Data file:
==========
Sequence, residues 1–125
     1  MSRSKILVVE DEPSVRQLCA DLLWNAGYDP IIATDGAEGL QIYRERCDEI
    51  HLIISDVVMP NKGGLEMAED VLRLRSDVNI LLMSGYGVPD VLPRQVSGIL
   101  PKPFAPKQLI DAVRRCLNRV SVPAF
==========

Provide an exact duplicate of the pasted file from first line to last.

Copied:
Sequence, residues 1–125
     1  MSRSKILVVE DEPSVRQLCA DLLWNAGYDP IIATDGAEGL QIYRERCDEI
    51  HLIISDVVMP NKGGLEMAED VLRLRSDVNI LLMSGYGVPD VLPRQVSGIL
   101  PKPFAPKQLI DAVRRCLNRV SVPAF